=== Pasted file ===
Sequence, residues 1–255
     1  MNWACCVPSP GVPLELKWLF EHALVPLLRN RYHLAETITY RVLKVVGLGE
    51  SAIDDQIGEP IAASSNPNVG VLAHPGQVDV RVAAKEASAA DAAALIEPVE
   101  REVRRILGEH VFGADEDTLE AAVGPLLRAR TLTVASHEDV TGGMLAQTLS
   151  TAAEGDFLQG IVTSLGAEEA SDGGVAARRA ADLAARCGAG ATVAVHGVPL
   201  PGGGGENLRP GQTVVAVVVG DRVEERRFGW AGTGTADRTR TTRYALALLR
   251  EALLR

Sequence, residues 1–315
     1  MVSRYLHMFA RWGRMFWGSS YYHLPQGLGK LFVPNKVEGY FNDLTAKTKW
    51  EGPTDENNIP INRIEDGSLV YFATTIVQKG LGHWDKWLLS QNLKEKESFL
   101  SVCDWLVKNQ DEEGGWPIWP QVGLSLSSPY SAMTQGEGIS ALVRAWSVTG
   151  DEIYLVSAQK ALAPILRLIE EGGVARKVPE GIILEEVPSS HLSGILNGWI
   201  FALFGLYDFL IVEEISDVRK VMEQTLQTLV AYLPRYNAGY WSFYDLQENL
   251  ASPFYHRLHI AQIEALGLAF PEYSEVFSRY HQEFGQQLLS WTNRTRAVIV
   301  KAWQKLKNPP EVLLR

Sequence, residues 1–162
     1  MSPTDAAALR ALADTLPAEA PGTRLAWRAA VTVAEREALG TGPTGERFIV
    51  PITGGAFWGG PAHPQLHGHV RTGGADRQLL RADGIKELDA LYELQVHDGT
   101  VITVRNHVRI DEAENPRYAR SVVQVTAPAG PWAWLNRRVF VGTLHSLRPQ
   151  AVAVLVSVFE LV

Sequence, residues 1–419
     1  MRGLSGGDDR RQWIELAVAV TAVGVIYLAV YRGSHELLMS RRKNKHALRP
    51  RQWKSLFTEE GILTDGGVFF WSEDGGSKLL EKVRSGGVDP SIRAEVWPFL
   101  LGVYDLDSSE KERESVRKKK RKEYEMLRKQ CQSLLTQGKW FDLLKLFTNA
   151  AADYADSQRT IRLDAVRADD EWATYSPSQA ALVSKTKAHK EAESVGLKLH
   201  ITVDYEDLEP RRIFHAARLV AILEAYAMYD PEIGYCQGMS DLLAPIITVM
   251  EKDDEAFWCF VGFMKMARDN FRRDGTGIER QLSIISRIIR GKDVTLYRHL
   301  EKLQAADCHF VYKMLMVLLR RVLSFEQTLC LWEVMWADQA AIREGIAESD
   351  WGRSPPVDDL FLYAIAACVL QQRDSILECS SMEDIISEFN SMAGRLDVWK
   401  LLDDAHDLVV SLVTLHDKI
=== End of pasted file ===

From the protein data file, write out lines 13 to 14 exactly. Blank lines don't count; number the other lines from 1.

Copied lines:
   201  FALFGLYDFL IVEEISDVRK VMEQTLQTLV AYLPRYNAGY WSFYDLQENL
   251  ASPFYHRLHI AQIEALGLAF PEYSEVFSRY HQEFGQQLLS WTNRTRAVIV